storm surge

Parts of the Mississppi River levee system are at risk of overtopping due to storm surge from Tropical Storm Barry.
United States Army Corps of Engineers

A few sections of levee along the Mississippi River are at risk of being overtopped in Southeast Louisiana. The reason: storm surge from the Gulf of Mexico. WWNO's Travis Lux spoke with Ricky Boyett from the U.S. Army Corps of Engineers about why this is happening and which areas are the most at risk. 

Patrick Madden / WWNO

Updated: 2019-07-10 5:33 p.m. Louisiana School Closures

Travis Lux / WWNO

The River Parishes are about to get a major new coastal protection project: 18 miles of storm surge levees between Baton Rouge and New Orleans.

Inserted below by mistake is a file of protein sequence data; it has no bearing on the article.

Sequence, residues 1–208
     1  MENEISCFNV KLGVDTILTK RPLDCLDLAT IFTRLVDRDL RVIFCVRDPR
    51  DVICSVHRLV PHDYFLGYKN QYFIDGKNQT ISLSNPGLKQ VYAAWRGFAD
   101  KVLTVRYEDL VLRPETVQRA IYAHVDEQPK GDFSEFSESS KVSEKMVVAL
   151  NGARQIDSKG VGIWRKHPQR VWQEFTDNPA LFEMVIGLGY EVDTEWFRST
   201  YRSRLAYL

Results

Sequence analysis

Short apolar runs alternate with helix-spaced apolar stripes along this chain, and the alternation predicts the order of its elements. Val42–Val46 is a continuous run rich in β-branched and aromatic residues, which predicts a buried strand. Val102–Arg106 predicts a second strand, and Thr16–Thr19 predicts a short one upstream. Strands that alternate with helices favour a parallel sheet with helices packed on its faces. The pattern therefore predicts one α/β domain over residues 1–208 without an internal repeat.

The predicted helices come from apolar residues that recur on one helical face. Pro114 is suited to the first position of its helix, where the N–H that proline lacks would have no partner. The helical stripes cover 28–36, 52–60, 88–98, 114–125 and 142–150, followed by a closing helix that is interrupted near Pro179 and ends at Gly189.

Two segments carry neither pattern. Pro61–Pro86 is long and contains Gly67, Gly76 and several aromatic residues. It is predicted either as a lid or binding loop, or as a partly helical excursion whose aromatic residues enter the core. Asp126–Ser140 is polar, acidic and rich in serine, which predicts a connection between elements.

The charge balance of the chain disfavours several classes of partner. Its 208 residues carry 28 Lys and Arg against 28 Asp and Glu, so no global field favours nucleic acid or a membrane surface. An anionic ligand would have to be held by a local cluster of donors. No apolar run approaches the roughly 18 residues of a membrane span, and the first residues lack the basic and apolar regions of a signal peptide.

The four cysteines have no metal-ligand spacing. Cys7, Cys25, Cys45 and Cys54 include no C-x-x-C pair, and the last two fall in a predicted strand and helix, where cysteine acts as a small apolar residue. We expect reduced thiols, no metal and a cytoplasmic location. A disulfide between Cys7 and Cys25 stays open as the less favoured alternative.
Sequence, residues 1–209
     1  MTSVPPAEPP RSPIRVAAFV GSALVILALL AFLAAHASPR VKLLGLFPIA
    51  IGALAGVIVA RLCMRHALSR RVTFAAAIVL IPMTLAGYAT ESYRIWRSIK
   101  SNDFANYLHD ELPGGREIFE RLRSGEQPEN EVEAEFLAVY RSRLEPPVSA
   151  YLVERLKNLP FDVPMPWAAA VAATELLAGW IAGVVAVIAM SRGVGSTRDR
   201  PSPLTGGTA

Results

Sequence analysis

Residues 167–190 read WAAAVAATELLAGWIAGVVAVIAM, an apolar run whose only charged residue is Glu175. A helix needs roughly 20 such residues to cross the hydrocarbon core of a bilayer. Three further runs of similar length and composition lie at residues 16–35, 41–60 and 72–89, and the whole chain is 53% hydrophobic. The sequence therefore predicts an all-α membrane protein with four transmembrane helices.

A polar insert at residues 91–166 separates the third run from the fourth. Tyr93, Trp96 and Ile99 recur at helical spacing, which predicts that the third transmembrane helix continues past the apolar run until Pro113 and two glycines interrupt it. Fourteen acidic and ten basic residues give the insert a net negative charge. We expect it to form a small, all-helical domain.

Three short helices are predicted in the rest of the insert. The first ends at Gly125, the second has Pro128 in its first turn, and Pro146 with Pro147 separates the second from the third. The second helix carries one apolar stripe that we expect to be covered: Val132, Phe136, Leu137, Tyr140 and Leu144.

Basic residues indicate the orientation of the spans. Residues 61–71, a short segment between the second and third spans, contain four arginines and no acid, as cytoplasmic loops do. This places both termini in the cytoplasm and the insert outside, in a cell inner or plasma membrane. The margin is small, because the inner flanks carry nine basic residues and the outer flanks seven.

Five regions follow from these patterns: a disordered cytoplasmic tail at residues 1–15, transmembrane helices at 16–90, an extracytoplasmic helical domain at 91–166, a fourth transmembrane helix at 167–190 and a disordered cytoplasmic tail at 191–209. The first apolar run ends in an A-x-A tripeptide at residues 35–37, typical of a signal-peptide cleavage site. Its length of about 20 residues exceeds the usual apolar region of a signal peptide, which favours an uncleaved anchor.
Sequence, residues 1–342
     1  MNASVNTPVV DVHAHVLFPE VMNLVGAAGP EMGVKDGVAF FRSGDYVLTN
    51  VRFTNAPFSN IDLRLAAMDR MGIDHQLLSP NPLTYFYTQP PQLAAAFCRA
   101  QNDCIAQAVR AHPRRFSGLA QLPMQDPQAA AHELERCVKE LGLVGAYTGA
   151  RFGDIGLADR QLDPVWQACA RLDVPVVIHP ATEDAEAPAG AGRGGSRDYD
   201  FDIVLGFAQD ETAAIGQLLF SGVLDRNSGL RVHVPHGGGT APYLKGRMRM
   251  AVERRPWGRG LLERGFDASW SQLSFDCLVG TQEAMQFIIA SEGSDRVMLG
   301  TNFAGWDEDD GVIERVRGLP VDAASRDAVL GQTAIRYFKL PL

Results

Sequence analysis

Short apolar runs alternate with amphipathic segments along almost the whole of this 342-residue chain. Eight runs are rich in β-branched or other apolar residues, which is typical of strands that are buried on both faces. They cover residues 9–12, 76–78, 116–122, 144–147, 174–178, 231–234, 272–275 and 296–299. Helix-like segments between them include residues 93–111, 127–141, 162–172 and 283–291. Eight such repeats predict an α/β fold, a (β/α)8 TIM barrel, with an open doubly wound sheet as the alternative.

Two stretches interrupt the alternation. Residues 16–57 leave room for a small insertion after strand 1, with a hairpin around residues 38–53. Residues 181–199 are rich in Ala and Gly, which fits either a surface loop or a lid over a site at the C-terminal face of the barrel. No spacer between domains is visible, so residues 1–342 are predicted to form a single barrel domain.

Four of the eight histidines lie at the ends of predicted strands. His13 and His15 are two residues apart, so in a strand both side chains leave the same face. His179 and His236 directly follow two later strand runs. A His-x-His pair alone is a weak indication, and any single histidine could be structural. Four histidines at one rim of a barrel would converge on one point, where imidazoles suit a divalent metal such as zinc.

St. John, St. James, and St. Charles Parishes are only protected from flood waters along the Mississippi River. There are currently no levees on the swampier side of those parishes along Lake Pontchartrain.

NOAA

Hurricane season starts June 1st. In their annual outlook released today, forecasters from the National Oceanic and Atmospheric Administration (NOAA) predict that the Atlantic Ocean will see "above average" hurricane activity this hurricane season, which runs through November 30th.